“I am a night bird; I am not much good in the daytime.”
Vampire-hunting Professor Abronsius (Jack MacGowran) and his nebbishy assistant Alfred (Roman Polanski) arrive in a small Transylvanian town where Alfred falls for the beautiful, bath-loving daughter (Sharon Tate) of an innkeeper (Alfie Bass) and his wife (Jessie Robins). When Tate is bitten and kidnapped, Professor Abronsius and Alfred travel to the castle of Count Von Krolock (Ferdy Mayne), who is hosting a gala vampire ball.
Genres, Themes, Actors, and Directors:
- Roman Polanski Films
- Satires and Spoofs
Critical and popular opinions seem to be enormously divided on this “genre outing” by Roman Polanski, who both starred and directed. Cult-like fans adore its quirky sensibilities, while detractors are annoyed by its over-reliance on slapstick and find its fame incomprehensible. Polanski himself apparently disowned the film (also known as Dance of the Vampires) when it was cut down from its original 148-minute running time to just 107 or 91 minutes. (Missing from the version I watched was this animated opening sequence, though I’m not sure what else was taken out.) Peary is clearly a fan, given that he lists it as a Personal Recommendation in the back of his book — but I happen to fall in the camp of detractors. I find the lead protagonists insufferable, and grow weary of the physical “knock-about” humor almost immediately.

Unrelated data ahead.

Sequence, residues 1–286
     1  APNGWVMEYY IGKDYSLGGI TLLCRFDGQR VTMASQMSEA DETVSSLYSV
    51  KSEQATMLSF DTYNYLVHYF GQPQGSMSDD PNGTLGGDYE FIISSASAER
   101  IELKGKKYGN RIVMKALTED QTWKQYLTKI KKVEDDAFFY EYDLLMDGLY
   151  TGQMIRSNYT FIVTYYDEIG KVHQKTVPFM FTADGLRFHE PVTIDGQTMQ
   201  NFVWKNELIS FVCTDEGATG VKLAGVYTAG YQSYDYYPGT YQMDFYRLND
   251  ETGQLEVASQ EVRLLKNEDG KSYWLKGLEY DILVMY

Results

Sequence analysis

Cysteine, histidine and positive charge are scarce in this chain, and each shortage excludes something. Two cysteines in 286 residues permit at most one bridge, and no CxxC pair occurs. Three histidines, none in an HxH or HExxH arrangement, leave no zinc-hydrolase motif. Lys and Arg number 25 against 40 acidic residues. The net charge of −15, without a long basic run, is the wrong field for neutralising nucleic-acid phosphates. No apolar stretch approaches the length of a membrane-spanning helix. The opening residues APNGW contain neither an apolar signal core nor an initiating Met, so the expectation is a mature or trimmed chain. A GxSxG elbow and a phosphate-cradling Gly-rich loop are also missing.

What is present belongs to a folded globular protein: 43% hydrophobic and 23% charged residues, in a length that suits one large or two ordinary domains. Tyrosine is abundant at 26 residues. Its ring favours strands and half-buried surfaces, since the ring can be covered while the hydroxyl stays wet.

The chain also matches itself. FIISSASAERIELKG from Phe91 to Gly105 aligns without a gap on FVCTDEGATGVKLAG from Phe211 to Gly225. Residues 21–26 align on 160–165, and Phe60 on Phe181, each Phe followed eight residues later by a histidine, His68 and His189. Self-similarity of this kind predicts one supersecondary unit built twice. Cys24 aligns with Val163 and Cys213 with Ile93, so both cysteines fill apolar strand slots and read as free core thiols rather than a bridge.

With that said, I do appreciate Douglas Slocombe’s gorgeous cinematography — much shot in the snowy outdoors, which lends a unique atmosphere to the proceedings — and I also admire Polanski’s attempts at satirizing a beloved genre. The culminating vampire ball is quite a sight to behold, with the presence of decrepit and decaying aristocrats making one question the trope of vampires as invariably gorgeous young men and women. And Krystov Komeda’s score is mesmerizing. But none of this can make up for the inane slapstick and nincompoop leads. As a final thought, I will cite Time Out’s reviewer, who writes that “With all its faults, [it’s] an engaging oddity”; ultimately, all film fanatics should see it once to craft their own opinion.
Redeeming Qualities and Moments:
- Douglas Slocombe’s cinematography
- The creepy yet humorous vampire ball sequence
- Krystov Komeda’s score
Yes, as a cult favorite.